A fundamental advance in measurement capabilities that could save semiconductor manufacturers billions of dollars annually has earned a 2013 R&D 100 Award for its National Institute of Standards and Technology (NIST) inventors.
Called quantitative hybrid metrology (QHM), the new NIST method integrates statistical techniques and measurements made with two or more instruments to rigorously determine the sizes of nanoscale transistor features on semiconductor chips. In one demonstration the final measurement was three times more accurate than the results achieved with any one method alone.
The NIST inventors of QHM include physicists Bryan Barnes and Richard Silver and statistician Nien Fan Zhang. Hui Zhou, a NIST research associate, was a member of the development team.
On the basis of a 2007 paper, the team estimates that a three-fold decrease in measurement uncertainty achievable with their innovation could save manufacturers as much as $7 for each chip they produce.
The public-domain invention does not replace chip makers' standard measurement tools, such as scanning electron microscopes (SEMs) and optical devices known as scatterometers. Rather, the new method enhances these tools and ties them together in novel combinations. This flexibility in measurement strategies minimizes measurement uncertainties and optimizes throughput.
A key element of the NIST method is a model library—a collection of simulated data based on typical chip feature dimensions that are compared to actual measurements, made with an SEM, scatterometer, or by other means.
Before performing the comparison, however, the NIST team employs an elegant statistical treatment—called Bayesian analysis—to incorporate a few key additional measured values from other tools into the library model. This step reduces the uncertainty in the measurements, lowering them by more than a factor of three in some cases.
Several companies and other organizations, including IBM, GlobalFoundries, the University of California Berkeley and Sematech are adopting hybrid metrology. All have made important advances in their implementations of the technique since the inventors first introduced the statistical foundations to quantitative hybrid metrology.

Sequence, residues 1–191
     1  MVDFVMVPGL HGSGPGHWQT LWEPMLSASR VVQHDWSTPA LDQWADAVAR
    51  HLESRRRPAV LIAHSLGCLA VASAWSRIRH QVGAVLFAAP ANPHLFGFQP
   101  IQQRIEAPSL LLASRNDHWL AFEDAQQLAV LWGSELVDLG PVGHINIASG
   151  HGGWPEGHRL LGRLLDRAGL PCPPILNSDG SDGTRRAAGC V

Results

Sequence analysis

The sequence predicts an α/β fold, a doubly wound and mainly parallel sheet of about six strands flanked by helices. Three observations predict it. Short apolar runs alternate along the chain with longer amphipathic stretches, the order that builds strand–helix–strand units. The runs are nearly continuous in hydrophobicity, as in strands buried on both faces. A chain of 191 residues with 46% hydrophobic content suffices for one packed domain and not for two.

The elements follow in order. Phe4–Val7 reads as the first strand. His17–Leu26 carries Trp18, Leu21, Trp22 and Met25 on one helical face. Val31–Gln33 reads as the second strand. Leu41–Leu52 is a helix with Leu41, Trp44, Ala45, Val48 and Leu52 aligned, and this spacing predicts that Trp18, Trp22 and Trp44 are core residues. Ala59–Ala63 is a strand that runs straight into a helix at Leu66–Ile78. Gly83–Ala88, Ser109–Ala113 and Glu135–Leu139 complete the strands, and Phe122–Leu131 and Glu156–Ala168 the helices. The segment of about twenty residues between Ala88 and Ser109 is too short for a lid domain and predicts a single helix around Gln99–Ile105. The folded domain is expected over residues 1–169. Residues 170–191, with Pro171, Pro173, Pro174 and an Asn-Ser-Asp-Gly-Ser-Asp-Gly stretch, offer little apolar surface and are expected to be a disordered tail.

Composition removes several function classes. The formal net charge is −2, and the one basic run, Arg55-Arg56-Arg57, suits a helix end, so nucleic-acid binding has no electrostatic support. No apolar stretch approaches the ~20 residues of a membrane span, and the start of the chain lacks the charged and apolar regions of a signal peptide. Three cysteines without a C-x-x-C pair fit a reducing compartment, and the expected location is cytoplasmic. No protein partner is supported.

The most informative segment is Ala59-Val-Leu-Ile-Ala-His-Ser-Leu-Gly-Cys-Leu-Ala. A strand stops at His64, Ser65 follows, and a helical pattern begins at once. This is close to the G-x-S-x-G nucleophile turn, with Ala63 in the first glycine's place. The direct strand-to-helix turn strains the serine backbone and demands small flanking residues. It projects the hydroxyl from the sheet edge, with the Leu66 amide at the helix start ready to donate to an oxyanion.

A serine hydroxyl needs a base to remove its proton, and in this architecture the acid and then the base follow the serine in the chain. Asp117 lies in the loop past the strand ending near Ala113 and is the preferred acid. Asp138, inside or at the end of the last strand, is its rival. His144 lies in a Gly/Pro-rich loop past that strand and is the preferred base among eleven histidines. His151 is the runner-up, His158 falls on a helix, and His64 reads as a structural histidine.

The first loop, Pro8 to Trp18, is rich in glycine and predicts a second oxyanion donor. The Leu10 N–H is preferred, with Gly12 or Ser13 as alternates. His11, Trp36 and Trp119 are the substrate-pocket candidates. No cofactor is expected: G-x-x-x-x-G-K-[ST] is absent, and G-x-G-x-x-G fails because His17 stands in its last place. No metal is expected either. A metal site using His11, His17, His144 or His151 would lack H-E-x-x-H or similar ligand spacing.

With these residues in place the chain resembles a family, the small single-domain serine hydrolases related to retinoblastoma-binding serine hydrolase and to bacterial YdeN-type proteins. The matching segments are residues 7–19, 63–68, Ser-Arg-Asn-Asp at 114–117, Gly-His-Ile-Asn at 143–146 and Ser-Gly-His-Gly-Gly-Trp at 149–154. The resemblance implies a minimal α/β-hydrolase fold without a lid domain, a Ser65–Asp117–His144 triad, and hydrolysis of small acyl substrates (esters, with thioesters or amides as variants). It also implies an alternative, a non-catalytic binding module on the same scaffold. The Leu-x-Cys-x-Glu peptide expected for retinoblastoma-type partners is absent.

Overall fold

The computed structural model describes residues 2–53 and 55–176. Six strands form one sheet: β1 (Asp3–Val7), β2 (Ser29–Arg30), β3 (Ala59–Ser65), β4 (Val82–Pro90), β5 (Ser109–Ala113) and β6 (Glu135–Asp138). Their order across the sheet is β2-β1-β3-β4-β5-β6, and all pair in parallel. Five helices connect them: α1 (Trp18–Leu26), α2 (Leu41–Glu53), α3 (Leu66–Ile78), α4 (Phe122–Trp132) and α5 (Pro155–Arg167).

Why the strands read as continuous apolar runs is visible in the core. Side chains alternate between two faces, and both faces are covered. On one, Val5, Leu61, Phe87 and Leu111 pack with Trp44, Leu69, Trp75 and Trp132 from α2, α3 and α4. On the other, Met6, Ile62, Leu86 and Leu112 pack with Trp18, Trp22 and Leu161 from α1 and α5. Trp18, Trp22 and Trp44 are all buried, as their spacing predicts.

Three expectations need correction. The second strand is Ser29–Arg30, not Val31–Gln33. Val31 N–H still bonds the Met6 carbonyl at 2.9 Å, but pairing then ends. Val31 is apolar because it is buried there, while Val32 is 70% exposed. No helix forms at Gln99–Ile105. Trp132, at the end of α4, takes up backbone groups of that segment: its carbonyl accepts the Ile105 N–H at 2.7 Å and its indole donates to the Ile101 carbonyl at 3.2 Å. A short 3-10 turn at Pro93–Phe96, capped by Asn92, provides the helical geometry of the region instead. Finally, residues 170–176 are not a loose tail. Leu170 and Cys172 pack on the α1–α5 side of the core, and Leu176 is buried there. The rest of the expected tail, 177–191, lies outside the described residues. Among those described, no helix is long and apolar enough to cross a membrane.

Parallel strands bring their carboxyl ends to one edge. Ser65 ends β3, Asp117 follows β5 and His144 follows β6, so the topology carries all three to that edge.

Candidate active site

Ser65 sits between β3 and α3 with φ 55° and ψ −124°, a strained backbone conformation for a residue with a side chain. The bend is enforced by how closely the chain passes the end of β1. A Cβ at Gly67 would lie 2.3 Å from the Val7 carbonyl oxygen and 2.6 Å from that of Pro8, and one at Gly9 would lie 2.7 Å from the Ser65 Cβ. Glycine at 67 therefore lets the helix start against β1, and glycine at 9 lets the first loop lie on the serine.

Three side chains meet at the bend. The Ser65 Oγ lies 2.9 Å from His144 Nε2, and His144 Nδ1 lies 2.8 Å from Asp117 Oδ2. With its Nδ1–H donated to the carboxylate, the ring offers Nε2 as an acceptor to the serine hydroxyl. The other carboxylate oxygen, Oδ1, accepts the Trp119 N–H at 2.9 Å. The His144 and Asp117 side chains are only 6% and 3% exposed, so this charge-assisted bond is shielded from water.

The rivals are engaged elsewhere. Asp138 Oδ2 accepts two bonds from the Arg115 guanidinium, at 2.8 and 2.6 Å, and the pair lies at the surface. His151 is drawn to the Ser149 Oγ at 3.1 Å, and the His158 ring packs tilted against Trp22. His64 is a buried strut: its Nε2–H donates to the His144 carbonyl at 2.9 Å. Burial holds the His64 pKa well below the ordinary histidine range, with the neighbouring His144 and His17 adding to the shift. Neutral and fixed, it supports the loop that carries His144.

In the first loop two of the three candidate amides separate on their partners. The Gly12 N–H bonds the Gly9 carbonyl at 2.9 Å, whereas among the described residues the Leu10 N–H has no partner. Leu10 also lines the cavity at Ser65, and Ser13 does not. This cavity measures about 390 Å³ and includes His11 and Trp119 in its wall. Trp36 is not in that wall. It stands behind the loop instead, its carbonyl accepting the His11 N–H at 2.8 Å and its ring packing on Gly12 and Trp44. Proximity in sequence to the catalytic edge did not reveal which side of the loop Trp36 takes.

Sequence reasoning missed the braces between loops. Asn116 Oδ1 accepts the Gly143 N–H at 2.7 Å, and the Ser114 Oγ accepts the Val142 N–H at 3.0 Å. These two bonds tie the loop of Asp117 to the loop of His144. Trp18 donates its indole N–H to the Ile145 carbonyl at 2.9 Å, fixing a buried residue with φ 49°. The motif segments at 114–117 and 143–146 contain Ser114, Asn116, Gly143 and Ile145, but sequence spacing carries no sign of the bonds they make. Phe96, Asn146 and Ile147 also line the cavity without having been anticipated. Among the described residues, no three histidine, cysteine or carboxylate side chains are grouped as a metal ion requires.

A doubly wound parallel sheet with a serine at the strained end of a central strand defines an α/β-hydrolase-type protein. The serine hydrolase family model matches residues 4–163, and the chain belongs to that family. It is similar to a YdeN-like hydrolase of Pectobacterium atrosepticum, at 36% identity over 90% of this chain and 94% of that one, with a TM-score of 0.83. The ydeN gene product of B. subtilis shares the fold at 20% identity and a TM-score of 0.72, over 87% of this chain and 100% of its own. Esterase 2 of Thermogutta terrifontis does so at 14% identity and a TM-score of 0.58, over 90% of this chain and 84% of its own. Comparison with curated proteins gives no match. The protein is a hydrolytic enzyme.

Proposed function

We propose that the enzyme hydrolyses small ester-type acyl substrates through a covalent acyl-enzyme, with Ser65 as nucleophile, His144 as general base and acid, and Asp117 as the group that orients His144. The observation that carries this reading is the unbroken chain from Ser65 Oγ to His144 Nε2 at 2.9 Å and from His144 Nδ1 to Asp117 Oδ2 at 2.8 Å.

Beyond immediate applications, QHM has the potential to be a cost-effective solution to an imposing challenge facing high-volume semiconductor manufacturers as dimensions decrease below 20 nanometers (nm). By 2019, transistor dimensions are slated to shrink to 10.9 nm. At present there are no known solutions for measuring critical dimensions of that scale on chips, according to the International Technology Roadmap for Semiconductors.
"No single measurement technique can fulfill this critical need that is central to the continued success of the entire semiconductor industry," according to the inventors. "Measurement-tool combination through QHM is uniquely positioned as the best option for process control for circuits with line widths below 10 nm."
To foster the adoption of this technology among semiconductor manufacturers and to facilitate collaboration among measurement instrument makers, this novel technology was placed in the public domain.
For more, see phys.org/news/2012-09-refined-technique-precision-accuracy-chip.html
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More information: N.F. Zhang, R.M. Silver, H. Zhou and B.M. Barnes. Improving optical measurement uncertainty with combined multitool metrology using a Bayesian approach. Applied Optics, Vol. 51, No. 25. Sept. 1, 2012. DOI: dx.doi.org/10.1364/AO.51.006196.
B. Bunday et al. Value-added metrology. IEEE Trans. on Semi. Manuf., Vol. 20, No. 3, Aug. 8, 2007. DOI: dx.doi.org/10.1109/TSM.2007.901851.